Ironically, we didn’t think it was weird at the time, we thought it was kind of neat that at the last second, everything fell into place, and we got a tree, for free.
It was during those years that I had a paper route, earning me about $40.00 a month.
One year, we were praying for both Christmas presents and a tree, and while mom made Christmas presents, God answered the prayer. One Saturday morning as I was on my bicycle finishing my paper route, I saw a Christmas tree laying in the ditch beside the road.
I couldn’t believe my eyes, but there it was. I delivered the last few papers, and came pedaling back as fast as I could, where I picked the tree up and put it on my left shoulder with the butt facing forward so I could steer and shift the bike with my right hand. I could see through the branches, but if someone were driving by (and several people did) they’d see a rather large Christmas tree riding a bicycle, rather unsteadily, I might add, down the street.
No one crashed, including me, which was good – and we were again blessed with a Christmas tree that year.
One that we couldn’t have afforded otherwise.
The thing I realize now is that we didn’t even have a Christmas tree stand. Over the years, Dad, being home from University over Christmas, would make a tree stand with me out of 4 boards that we’d nail or screw together, then to the tree, with notches at the bottom so there’d be enough room for a pie tin of water underneath.
If we’d had a tree stand like everyone else, I wouldn’t have this memory.
The next year, finances were still pretty rough, and we were still just scraping by. At the time, we had a large garden, and were very familiar with what passed for food banks back then. We didn’t drink soda, couldn’t afford it, but we did drink apple cider we made from all the apple trees we had on the property.
Hmmm… if we’d been able to drink soda like everyone else, I wouldn’t have that memory.
I’ll write about that someday, but that December, even with all the things we’d done to save money, a tree was still not in the budget.
I think that might have been my last year with the paper route, and I was looking for a tree beside the road like we’d had that one year, but there were none.
In fact, it’s safe to say, that in that year, God did not have Christmas trees falling out of the sky for us.
Well, actually… I take that back.
A tree did fall out of the sky, but it was in kit form.
And actually, it wasn’t a ‘tree” per se…
It was a branch.
It was a huge branch from a tree on Fort Lewis – on one of those side roads that’s made by an 18 year old kid driving a 60 ton tank at 35 miles per hour and leaving a trail of wanton destruction in his wake. (Yes, there were kids that age out there doing that. They were, however, in the Army when they did it.)
I don’t remember exactly how I got it home, but I did. The huge branch was far too long to get into a tree stand without gouging holes in the ceiling or chopping holes into the floor, so I got out one of my dad’s old saws and whacked off a good chunk of it so that it would fit. (That cut-off part unwittingly became our Yule Log) I then started cutting branches off and drilling holes into the trunk where I wanted to put them. I whittled them so they’d fit into the holes I’d drilled and ended up moving almost every branch that way.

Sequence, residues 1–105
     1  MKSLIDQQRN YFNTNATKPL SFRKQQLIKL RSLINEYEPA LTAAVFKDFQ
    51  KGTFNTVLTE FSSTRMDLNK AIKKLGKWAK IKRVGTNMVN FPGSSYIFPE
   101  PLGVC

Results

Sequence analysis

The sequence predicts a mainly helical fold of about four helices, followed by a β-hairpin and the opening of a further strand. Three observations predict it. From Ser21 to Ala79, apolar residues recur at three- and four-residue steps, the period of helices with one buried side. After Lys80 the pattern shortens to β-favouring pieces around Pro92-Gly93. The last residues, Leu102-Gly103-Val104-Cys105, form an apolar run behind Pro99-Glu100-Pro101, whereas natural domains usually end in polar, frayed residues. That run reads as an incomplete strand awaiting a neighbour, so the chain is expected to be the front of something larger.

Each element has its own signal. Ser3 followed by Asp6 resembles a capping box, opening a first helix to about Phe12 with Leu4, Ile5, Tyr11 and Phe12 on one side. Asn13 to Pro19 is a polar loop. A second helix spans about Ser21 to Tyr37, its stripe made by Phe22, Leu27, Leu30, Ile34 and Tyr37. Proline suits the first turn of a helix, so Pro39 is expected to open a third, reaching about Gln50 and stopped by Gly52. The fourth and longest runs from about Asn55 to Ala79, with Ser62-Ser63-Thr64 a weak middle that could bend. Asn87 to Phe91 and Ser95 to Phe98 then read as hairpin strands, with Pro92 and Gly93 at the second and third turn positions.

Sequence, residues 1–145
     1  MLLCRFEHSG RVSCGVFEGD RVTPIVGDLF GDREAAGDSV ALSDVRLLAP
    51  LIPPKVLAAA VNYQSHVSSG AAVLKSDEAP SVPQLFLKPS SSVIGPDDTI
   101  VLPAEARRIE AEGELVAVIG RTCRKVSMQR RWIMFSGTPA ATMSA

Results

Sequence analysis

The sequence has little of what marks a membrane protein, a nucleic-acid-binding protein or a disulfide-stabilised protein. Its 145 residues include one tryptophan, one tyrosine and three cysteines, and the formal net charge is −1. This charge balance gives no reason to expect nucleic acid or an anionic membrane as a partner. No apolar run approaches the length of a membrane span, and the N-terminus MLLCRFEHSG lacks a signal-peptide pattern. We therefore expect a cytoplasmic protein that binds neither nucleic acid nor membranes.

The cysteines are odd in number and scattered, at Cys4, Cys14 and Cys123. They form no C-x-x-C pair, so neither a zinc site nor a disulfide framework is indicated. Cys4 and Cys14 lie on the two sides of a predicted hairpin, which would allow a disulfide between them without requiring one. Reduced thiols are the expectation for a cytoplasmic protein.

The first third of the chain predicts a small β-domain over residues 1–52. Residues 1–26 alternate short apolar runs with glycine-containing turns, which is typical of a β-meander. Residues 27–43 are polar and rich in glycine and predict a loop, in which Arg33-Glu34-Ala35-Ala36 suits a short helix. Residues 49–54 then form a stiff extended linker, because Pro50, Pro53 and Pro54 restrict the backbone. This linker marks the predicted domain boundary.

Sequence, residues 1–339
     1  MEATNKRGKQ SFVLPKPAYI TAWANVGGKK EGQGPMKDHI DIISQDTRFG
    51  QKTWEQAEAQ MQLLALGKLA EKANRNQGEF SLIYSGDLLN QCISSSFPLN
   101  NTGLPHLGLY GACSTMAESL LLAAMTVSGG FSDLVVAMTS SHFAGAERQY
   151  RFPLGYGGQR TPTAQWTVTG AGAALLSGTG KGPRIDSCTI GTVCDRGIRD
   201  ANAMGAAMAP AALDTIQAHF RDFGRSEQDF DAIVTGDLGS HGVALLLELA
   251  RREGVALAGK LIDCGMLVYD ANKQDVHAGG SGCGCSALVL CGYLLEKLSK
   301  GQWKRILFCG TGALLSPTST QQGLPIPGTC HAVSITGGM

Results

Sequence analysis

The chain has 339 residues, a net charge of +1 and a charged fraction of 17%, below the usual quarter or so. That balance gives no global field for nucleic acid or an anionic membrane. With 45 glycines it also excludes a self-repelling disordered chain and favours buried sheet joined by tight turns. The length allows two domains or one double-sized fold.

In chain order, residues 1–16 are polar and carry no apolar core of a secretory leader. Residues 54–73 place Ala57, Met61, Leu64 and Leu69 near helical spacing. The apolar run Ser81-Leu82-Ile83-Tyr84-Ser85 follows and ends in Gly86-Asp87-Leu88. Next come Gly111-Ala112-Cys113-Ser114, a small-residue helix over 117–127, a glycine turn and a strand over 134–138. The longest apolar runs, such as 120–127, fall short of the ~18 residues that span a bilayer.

Then I made the stand for it like I did every year.
And we did have a Christmas tree that year. It was beautiful, really. Complete with decorations, and even some presents.
If I’d been able to buy a tree like everyone else, I wouldn’t have this memory. I’d have forgotten about an anonymous little tree in one of many Christmases a long time ago.
That got me thinking.
Those weren’t easy times that I’m writing about. Seriously. But it feels like it was those parts that made me grow in ways I couldn’t have grown if life had been as easy as I wanted it to be.
Many years later, I’d grown up, become an adult, and was now in the position of trying to support my family, and for a number of years, life was pretty rough, and I got to thinking about where every penny was going, and spending any more money than I had to on a Christmas tree was just impossible to comprehend, and for years we bought our trees at a now defunct store called “Chubby and Tubby’s”.
If you’ve lived in Seattle for any length of time, you’ll remember that Chubby and Tubby trees could be had for $4.61 ($5.00 with tax). Oh you could get nicer trees, for more money, but we bought the trees we could afford, (here’s one of them, picked out by our then two year old Michael, his mittens dangling from his sleeves).
And for a number of years, I made a Christmas tree stand like I did when I was a kid, and I drilled holes in the trunk and moved branches around so they’d look nice, just like I did when I was a kid.
Only this time I was doing it with my son, not with my dad.
I did some more thinking – because we’ve been able to have some pretty neat Christmases over the years in spite of things. There was the year we were able to make it to church Christmas Eve. That might seem “normal”, but I’d just gone through my 4th and last round of chemo, and we had to leave right afterwards – but we made it.
That was cool.
And over the years we’ve found that Christmas comes every year, whether you’re ready for it or not.
And it’s a mixed bag, isn’t it?
Sometimes life happens to be good and you can have a “good” Christmas. That’s a blessing to cherish.
But sometimes – and you can probably figure that I could tell you stories about this: Life is just life, and it isn’t as kind and gentle as we’d hope, or as we might remember. Without going into great detail, a number of people I know are at this moment going through some of the worst challenges a human can go through, the loss of a parent, a sibling, a child, the loss of a marriage, or relationship, and they’re still trying to celebrate Christmas, and trying to figure out how and why they even can, through all the struggles. They’re looking in vain for that blessing.